In the first published study with check-point inhibitors in CNS lymphoma, Nayak et al. report on a small series of 5 patients, 4 with r/r PCNSL and one with a CNS relapse of a primary testicular lymphoma (PTL) treated with the check-point inhibitor nivolumab. Although it is not clear how patients were selected for nivolumab treatment and what in detail their pretreatment was, the collective seems representative considering age and performance status (median age 64 years, range 54–85, median KPS 70%). An impressive response rate of 100% was reported with 4 complete responses (CR) and one partial response (PR) and three patients remaining progression-free at 13+ to 17+ months. The response evaluation, however, was not straight forward for several reasons. First, two patients received radiation immediately prior to the initiation of nivolumab, so it cannot be excluded that the response attributed to the drug represented the delayed-effect of radiotherapy. Secondly, it is not clear how many patients were pretreated with steroids shortly before nivolumab (it is only said that one patient was on dexamethasone at the time of starting nivolumab). This is important since steroids may have a very profound and sometimes long-lasting effect in CNSL. Thirdly, in one patient, no contrast-enhanced MRI was possible, making the interpretation of response rather difficult. Toxicity seems to have been tolerable (grade 2 pruritus in one patient and grade 2 fatigue in another patient), however, it is not clear if a detailed monitoring and documentation of adverse effects was performed. Moreover, one patient developed grade 4 renal insufficiency which did not improve despite drug discontinuation and treatment with steroids. Since immunotherapies can cause interstitial nephritis in at least 2% of patients (15), nivolumab toxicity cannot be excluded in this patient even if renal biopsy was not conclusive. It would have been interesting to look for a correlation between PD-L1 or PD-1 expression and response quality, but no data on tumor tissue was given. Altogether, these very preliminary results are promising but should be interpreted with caution, and a confirmation by a well-designed controlled prospective study with a clear definition of inclusion and exclusion and response criteria as well as detailed monitoring for toxicity is mandatory before nivolumab is given outside a clinical trial.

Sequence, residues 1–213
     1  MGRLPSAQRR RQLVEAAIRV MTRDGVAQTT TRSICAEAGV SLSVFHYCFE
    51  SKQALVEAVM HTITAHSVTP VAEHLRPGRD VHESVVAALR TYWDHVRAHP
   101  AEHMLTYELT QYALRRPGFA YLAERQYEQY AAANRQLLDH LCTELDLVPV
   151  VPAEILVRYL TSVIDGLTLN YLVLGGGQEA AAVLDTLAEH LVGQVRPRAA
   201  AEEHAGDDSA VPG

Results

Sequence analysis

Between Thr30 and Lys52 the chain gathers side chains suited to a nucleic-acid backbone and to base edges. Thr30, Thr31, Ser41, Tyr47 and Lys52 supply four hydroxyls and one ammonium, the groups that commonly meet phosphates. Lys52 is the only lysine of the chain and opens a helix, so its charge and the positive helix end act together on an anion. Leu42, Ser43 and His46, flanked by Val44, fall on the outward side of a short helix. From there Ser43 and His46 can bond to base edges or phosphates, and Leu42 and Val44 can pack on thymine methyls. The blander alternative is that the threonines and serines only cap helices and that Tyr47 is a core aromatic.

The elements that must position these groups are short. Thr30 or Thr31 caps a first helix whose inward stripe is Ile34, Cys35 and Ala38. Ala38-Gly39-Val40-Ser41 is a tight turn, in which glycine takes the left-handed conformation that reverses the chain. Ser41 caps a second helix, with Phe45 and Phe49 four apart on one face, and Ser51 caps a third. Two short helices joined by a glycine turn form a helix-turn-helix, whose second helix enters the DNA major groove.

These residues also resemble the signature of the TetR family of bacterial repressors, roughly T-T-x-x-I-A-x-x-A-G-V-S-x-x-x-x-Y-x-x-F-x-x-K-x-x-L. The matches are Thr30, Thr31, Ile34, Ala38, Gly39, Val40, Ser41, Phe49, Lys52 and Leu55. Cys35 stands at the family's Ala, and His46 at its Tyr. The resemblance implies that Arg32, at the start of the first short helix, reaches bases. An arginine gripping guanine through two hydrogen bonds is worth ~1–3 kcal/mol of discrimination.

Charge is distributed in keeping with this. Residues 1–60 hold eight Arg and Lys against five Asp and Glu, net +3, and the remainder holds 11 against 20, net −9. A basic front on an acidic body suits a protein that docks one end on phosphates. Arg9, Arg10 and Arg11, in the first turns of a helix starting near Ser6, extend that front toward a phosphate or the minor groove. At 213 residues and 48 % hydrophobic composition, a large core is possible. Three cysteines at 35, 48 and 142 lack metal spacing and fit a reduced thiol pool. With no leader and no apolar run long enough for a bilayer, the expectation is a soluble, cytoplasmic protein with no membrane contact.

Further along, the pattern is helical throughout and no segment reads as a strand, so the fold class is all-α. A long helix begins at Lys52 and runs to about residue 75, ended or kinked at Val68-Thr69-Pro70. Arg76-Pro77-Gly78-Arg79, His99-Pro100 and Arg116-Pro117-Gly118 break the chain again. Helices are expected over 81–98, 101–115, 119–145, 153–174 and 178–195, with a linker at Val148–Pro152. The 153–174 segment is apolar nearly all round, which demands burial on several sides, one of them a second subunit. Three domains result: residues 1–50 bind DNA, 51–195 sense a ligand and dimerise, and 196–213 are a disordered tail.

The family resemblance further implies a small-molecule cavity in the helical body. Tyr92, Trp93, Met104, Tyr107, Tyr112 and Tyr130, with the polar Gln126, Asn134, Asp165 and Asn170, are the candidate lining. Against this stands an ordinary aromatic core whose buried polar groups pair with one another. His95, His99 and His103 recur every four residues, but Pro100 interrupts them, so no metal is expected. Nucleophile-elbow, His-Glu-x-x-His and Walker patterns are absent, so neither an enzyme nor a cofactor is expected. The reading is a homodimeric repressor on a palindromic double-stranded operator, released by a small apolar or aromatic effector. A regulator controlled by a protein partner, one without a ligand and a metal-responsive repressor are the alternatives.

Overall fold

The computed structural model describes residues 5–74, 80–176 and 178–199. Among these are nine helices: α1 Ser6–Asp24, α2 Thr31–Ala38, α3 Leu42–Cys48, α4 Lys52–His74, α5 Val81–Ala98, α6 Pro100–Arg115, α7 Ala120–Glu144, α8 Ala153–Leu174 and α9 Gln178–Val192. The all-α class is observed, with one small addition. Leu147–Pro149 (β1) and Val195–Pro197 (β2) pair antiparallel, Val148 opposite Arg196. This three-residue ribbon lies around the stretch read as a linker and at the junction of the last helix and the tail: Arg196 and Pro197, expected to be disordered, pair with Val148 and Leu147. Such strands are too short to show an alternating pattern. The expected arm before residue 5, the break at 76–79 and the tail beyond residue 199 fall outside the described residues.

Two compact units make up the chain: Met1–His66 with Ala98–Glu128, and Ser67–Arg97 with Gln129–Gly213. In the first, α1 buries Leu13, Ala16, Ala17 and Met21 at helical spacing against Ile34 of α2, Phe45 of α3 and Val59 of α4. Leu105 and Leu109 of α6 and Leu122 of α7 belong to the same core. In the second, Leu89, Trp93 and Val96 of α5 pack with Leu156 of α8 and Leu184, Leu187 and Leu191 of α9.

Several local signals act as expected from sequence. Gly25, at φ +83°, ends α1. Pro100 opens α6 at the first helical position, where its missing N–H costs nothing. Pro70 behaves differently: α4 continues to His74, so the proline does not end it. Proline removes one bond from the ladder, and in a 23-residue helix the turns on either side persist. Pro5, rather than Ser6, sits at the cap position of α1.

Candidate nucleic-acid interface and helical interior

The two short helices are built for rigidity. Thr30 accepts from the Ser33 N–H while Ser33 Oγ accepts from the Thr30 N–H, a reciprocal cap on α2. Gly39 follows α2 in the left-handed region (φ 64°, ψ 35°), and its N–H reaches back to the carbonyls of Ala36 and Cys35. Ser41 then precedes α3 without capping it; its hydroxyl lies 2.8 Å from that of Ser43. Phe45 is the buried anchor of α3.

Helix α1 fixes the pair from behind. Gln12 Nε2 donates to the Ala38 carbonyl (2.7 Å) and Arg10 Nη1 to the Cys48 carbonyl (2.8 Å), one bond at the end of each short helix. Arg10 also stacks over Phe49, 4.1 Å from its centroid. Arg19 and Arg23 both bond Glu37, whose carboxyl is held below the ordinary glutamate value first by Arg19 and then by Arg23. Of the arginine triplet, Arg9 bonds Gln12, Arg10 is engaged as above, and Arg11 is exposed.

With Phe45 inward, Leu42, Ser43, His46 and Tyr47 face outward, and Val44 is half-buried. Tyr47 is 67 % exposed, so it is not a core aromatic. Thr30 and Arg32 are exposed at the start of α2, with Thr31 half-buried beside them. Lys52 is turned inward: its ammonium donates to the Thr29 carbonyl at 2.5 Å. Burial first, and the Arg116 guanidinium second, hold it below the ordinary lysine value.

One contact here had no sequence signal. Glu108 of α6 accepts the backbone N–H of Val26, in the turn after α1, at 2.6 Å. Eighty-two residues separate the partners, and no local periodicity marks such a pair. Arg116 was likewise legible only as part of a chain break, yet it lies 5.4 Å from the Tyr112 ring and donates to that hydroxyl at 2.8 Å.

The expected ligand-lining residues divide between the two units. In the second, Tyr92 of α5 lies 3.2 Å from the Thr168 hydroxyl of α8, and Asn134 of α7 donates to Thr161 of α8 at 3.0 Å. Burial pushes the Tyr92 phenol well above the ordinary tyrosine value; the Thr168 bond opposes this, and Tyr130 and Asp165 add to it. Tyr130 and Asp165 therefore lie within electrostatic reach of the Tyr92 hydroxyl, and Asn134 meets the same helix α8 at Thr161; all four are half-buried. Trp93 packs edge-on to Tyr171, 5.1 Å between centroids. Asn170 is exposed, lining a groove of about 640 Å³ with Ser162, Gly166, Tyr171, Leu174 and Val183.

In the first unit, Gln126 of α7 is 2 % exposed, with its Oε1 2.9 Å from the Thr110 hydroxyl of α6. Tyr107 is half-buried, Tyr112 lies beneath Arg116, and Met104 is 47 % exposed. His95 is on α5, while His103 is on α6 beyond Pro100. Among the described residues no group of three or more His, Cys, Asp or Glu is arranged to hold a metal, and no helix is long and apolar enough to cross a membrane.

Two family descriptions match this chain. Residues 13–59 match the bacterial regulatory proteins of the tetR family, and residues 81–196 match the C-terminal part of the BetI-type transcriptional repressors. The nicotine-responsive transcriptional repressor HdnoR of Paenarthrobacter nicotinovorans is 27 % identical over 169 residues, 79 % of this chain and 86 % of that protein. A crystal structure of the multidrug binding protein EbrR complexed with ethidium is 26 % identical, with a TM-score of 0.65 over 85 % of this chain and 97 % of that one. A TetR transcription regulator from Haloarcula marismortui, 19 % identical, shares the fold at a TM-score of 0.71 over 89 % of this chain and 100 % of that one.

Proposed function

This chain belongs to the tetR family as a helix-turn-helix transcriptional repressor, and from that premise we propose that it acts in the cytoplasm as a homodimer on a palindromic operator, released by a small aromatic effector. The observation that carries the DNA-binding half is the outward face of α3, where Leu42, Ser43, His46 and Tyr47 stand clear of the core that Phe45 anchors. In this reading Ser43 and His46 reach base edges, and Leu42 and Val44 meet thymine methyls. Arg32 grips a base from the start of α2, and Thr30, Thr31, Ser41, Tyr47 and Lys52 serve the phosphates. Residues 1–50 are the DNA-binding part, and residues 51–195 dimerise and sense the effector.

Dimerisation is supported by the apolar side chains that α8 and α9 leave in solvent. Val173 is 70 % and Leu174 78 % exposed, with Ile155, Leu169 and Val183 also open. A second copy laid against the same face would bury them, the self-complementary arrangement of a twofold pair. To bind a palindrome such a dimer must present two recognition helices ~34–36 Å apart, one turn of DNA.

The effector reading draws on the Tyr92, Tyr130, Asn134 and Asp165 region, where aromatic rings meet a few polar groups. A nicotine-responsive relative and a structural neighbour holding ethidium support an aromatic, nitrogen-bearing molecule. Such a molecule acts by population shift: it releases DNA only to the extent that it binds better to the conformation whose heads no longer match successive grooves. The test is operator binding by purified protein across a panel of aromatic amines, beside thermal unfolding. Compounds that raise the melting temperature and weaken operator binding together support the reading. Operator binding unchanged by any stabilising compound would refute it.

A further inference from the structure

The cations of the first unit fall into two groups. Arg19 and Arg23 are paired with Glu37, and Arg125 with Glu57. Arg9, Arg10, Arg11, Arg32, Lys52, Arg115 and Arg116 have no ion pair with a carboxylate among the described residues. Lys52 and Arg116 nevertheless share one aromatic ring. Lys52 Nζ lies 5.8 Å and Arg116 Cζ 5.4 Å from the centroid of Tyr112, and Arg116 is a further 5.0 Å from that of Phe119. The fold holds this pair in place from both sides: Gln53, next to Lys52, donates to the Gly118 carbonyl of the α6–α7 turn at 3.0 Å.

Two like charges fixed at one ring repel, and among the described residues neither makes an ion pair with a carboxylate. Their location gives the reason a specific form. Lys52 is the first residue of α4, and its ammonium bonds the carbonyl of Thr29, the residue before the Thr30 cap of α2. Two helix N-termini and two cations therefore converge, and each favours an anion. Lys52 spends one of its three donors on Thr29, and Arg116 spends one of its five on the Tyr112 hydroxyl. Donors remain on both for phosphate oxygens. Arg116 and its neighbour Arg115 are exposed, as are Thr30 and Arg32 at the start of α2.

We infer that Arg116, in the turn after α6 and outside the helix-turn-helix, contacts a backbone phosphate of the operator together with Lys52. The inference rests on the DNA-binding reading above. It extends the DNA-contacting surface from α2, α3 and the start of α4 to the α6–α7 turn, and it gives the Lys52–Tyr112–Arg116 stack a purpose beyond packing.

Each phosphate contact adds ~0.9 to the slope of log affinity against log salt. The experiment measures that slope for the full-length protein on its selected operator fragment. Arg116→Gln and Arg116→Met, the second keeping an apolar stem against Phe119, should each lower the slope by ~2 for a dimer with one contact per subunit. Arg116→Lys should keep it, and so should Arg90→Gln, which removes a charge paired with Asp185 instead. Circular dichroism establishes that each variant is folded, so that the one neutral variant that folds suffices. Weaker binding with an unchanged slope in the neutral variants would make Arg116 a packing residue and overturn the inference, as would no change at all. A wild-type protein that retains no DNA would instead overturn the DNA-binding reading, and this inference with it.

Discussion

The (immunosuppressive) tumor microenvironment is also a target for lenalidomide—another “targeted drug” evaluated in clinical trials in PCNSL. Response to lenalidomide was seen in three of 6 mostly elderly and intensively pretreated PCNSL patients. However, two of the responses were very short and possibly attributed to the simultaneous steroids application (16). In a phase I study (17), of 13 patients with refractory PCNSL treated with different lenalidomide doses in combination with rituximab, 9 (69%) responded with 6 responses having been durable beyond 6 months; the median PFS was, however, very short with 1.5 months only. Interestingly, a dose-dependent penetration of lenalidomide into ventricular CSF was found, with the CSF plasma partition coefficient achieving 20% or more at the 15- and 20-mg doses. Two dose-limiting toxicities occurred at the 20-mg dose level, consisting of a grade 4 infection and grade 3 confusion.
A trial published thus far in abstract form only used lenalidomide combined with rituximab followed in responders by lenalidomide maintenance. Of the 50 patients included, 34 (68%) received concomitant corticosteroids during the first month of treatment, which, as mentioned above, impedes interpretation of response data. At the end of the induction phase, response was found in 17 patients (39%) including 13 CR (30%). Only 17 patients started the maintenance phase. Grade 3 or 4 adverse events, mostly infections, were reported in 11 patients. Moreover, a second cancer (melanoma) occurred in one patient. With a median follow-up of 9 months median PFS of the whole population was 8.1 months (18).
As the insight into the molecular pathogenesis of PCNSL grows, there is an increasing number of possible targets for specific therapy. Frequent mutations of the B-cell receptor (BCR) subunit CD79B and the Toll-like receptor (TLR) adaptor protein MYD88 suggest that PCNSL may be addicted to BCR signaling. Thus, the phosphatidylinositol- 4,5-bisphosphate 3-kinase/mammalian target of rapamycin 1/2 (PI3K/mTOR) and TLR/BCR/NF kappaB pathways are the other therapeutic targets most extensively being evaluated in clinical studies in PCNSL.